Servers and storage are a primary focus for one hospital’s support upgrades.
Advancements in health technology are proving to be a sight for sore eyes as researchers delve into new ways to treat and diagnose diseases that threaten sight.
IBM is calling on its Watson cognitive-computing platform and a partnership with IDx, an Iowa City-based company that creates medical devices focused on automatically detecting eye disease from retinal images, to advance eye health technology.
The company recently entered into a collaboration with IDx, targeting the combination of cognitive computing and ophthalmic image analysis as a way to more effectively diagnose and treat patients with diabetic retinopathy and other serious eye conditions such as glaucoma and age-related macular degeneration, according to a press release.
Moreover, the company is training Watson to identify retina abnormalities. Melbourne-based IBM researchers announced in March that they had trained a research version of their cognitive-thinking platform to recognize abnormalities in retinal images, which could eventually allow physicians to more quickly and accurately identify who is at risk for diseases, such as glaucoma.
To train Watson, researchers applied “deep learning techniques and image analytics technology to 88,000 de-identified retina images accessed through EyePACS [a web-based application for exchanging eye-related clinical information] to analyze key anomalies of the eye,” a statement on the project notes.
“Medical image analysis with cognitive technology has the capacity to fundamentally change the delivery of healthcare services,” Dr. Joanna Batstone, vice president and lab director at IBM Research Australia, said in the statement. “Medical images represent a rich source of data for clinicians to make early diagnosis and treatment of disease, from assessing the risk of melanomas to identifying eye diseases through the analysis of retinas. Cognitive technology holds immense promise for confirming the accuracy, reproducibility and efficiency of clinicians’ analyses during the diagnostic workflow.”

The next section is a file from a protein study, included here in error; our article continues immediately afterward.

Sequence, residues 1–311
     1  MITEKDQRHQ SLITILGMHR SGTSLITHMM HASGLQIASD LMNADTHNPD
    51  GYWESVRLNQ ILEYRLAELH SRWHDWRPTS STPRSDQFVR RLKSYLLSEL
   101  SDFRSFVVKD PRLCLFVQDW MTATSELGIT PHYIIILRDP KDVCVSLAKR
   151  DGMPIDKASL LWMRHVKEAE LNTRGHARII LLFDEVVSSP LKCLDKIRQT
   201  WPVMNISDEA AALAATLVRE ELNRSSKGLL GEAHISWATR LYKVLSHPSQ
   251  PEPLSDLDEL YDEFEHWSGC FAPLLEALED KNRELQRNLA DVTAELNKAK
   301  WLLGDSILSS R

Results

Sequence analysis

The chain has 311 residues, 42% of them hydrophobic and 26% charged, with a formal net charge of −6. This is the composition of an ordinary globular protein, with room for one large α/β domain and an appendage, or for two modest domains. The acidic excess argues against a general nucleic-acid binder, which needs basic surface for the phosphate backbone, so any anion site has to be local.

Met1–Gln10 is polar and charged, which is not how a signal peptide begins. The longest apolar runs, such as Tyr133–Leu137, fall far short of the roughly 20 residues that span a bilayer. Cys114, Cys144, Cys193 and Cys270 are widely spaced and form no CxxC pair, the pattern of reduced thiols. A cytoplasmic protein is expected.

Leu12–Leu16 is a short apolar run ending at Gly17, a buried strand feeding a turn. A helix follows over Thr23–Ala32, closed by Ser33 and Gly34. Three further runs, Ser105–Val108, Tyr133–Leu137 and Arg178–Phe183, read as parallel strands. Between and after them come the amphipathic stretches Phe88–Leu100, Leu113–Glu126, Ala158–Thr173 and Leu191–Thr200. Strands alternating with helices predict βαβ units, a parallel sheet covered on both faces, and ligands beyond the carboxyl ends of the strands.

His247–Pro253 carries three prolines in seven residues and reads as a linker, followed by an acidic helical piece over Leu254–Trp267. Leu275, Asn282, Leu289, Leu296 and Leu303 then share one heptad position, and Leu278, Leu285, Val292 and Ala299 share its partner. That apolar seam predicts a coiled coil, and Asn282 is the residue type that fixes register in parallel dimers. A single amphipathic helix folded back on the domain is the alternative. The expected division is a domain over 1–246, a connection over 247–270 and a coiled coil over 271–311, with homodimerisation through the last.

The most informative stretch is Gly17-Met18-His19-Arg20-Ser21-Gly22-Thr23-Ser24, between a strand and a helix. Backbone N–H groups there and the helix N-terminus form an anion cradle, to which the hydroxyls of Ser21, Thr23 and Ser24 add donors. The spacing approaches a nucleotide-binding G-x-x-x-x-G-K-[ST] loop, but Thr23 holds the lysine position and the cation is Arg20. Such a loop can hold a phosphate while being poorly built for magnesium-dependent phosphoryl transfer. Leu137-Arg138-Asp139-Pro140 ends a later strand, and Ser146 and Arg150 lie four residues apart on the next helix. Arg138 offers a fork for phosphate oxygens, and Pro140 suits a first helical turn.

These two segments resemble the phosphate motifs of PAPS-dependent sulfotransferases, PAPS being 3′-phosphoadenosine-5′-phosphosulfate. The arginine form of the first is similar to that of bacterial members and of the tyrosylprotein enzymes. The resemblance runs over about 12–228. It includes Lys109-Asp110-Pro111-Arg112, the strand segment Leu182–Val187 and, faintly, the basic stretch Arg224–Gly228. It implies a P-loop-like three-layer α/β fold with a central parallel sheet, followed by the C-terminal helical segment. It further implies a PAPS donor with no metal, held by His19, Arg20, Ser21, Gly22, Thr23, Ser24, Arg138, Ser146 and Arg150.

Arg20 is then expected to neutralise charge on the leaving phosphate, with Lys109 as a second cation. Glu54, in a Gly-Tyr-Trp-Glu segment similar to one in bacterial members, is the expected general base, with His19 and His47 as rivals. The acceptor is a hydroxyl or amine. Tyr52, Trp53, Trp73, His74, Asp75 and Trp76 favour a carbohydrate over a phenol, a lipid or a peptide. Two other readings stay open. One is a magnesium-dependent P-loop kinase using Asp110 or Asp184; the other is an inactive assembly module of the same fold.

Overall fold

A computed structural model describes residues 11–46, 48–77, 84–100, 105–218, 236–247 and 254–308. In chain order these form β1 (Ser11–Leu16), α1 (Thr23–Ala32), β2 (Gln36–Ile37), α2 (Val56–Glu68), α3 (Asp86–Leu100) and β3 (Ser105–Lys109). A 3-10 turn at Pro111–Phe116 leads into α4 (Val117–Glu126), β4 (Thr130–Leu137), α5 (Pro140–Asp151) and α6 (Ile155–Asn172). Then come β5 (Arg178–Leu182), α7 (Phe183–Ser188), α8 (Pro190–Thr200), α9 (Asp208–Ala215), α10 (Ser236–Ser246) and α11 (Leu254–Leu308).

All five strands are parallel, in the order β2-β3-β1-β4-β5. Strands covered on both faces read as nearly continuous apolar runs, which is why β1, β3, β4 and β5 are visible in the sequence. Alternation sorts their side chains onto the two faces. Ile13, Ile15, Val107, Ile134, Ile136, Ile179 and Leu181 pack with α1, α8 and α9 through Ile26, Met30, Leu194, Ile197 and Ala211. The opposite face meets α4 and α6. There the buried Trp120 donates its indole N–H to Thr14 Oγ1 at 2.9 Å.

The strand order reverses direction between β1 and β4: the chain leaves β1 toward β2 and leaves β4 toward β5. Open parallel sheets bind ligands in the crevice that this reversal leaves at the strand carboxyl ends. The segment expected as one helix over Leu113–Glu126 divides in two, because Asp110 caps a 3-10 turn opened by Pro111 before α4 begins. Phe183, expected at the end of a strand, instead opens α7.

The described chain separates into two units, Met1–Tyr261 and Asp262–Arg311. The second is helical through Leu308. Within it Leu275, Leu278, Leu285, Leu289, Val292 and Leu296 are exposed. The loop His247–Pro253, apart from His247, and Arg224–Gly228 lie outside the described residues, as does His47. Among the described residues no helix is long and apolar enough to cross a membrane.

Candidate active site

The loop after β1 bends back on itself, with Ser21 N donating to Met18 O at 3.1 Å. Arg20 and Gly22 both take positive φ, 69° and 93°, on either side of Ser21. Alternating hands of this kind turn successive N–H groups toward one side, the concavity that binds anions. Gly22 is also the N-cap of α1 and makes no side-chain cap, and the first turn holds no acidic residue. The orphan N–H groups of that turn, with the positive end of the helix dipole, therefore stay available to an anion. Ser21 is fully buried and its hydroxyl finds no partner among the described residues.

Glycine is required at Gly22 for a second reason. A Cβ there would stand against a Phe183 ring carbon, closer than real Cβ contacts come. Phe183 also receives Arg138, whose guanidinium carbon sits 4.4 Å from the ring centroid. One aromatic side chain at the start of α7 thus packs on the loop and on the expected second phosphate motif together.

New care models are also bringing technologies that help to identify retinal diseases to patients earlier and more often.
A partnership between Missouri-based nonprofit CoxHealth and telemedicine platform Intelligent Retinal Imaging Systems (IRIS) has brought retinal exams to diabetes patients at the primary point of care. This has not only led to more diagnoses of sight-threatening diseases as exam rates rose from 32 percent to 70 percent, but it also helps the provider improve its Healthcare Effectiveness Data and Information Set (HEDIS) quality scores.
“By placing the exam at the primary point of care and connecting the data with our [emergency medical records], in five months we have examined more than 2,600 patients,” said Dr. Mark Costley, CoxHealth’s medical director, in a statement. “We have detected 800 potential sight-threatening conditions, including 347 that had a form of diabetic retinopathy with the potential of causing near term blindness. CoxHealth is closing the care gap among our patients with diabetes while significantly supporting our ability to improve our compliance rates.”
The successful collaboration won the organizations the Microsoft Health Innovation Award.